Among the unusual pathologic findings which occur secondary to carbon monoxid poisoning are changes in the peripheral nerves1 and in the cortex.2 Involvement of the globus pallidus is probably the commonest of all the pathologic changes that result from carbon monoxid poisoning. A careful search through the literature has revealed but one case similar to that which we report below; this was by Stewart.2
REPORT OF A CASE
—A woman, aged 25, white, married, was admitted to the University Hospital on Aug. 18, 1923, to the service of Dr. Alfred Stengel, to whom we are indebted for the privilege of reporting this case. She was brought in unconscious in a patrol wagon, and the police said that she had been in a room with the gas turned on for one hour and fifty-five minutes. She had cyanosis and was almost pulseless. Artificial respiration was necessary for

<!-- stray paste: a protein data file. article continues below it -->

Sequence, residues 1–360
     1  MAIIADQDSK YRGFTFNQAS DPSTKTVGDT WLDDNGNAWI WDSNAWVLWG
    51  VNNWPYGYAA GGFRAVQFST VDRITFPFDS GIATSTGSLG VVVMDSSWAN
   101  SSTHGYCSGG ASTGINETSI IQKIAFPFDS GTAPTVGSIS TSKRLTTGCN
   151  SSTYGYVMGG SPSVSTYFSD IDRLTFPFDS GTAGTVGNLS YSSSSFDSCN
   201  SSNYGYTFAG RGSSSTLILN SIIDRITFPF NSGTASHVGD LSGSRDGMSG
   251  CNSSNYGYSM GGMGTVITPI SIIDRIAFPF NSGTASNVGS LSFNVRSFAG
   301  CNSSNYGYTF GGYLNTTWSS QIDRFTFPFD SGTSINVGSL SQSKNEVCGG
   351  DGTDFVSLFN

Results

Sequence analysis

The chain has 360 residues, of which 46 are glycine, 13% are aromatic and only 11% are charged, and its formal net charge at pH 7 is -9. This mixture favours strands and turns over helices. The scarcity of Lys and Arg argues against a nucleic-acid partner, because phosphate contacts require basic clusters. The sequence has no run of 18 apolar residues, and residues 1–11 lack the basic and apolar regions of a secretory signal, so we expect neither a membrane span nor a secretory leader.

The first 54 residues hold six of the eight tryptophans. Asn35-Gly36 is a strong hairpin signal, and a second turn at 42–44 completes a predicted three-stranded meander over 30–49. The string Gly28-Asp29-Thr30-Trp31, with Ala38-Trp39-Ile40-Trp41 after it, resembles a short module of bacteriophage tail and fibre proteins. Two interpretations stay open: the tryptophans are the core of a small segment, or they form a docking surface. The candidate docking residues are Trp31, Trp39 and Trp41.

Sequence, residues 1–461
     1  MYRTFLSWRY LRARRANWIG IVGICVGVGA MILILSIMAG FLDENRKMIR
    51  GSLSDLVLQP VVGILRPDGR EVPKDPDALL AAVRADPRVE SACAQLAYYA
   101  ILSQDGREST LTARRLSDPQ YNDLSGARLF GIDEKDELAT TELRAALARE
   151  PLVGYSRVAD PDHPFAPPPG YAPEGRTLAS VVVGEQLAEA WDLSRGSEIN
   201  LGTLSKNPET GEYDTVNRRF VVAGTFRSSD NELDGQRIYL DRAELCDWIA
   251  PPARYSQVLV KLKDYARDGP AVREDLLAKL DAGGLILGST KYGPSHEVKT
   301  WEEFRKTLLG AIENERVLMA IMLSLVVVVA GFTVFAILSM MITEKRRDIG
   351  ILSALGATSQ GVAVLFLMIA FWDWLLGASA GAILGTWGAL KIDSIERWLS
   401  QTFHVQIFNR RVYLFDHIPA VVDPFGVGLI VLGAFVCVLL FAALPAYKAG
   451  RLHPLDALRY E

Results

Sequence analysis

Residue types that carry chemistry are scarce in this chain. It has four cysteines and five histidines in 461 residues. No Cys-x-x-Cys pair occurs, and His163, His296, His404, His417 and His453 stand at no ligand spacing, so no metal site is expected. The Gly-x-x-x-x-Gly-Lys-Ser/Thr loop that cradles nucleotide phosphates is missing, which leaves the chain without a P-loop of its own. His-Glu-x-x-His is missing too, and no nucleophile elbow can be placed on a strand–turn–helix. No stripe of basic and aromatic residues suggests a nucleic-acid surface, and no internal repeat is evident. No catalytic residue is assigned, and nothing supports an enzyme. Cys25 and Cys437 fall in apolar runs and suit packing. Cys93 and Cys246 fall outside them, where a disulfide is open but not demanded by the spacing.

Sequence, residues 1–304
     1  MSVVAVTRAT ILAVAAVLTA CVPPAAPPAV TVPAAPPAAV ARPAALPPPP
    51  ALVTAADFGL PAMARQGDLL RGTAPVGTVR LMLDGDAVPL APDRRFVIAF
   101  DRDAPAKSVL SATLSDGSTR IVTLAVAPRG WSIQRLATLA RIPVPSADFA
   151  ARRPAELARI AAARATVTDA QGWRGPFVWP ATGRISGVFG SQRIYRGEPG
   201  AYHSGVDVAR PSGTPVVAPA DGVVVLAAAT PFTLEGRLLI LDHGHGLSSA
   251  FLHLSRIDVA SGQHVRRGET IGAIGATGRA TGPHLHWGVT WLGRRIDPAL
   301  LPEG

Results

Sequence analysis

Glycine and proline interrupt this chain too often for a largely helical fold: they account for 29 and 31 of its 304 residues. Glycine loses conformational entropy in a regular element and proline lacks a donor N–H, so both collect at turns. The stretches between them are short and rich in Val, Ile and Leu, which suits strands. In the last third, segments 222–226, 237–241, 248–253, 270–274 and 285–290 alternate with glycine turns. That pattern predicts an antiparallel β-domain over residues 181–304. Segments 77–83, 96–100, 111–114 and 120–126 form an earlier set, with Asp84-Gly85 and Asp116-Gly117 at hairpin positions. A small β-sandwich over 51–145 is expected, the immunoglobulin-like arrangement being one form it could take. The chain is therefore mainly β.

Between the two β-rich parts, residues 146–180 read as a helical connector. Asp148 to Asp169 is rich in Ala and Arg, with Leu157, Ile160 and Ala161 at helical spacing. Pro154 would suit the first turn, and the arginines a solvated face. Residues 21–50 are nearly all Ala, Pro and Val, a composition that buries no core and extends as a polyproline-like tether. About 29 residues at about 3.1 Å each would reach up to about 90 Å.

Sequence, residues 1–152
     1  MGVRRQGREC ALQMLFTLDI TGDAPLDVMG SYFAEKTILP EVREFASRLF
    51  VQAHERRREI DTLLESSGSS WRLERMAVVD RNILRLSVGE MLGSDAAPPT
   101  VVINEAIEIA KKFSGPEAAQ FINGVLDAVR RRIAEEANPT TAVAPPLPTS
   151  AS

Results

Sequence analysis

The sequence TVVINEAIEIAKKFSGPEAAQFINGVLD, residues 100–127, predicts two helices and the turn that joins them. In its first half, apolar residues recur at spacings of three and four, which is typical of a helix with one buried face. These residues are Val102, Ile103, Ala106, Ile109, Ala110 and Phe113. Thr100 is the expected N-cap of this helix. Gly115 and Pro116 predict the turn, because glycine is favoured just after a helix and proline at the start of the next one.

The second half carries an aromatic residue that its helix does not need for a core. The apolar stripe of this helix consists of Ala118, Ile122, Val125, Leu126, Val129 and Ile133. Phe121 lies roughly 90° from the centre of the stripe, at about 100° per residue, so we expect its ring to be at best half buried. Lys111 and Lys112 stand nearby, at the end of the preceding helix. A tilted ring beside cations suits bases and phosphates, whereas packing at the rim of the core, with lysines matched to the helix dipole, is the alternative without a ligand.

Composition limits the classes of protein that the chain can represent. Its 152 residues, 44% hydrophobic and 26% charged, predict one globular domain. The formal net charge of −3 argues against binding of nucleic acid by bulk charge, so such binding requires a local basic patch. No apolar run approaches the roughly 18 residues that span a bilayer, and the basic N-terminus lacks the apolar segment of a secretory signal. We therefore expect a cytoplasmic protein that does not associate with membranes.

WILSON G, WINKELMAN NW. AN UNUSUAL CORTICAL CHANGE IN CARBON MONOXID POISONING. Arch NeurPsych. 1925;13(2):191–196. doi:10.1001/archneurpsyc.1925.02200080038004
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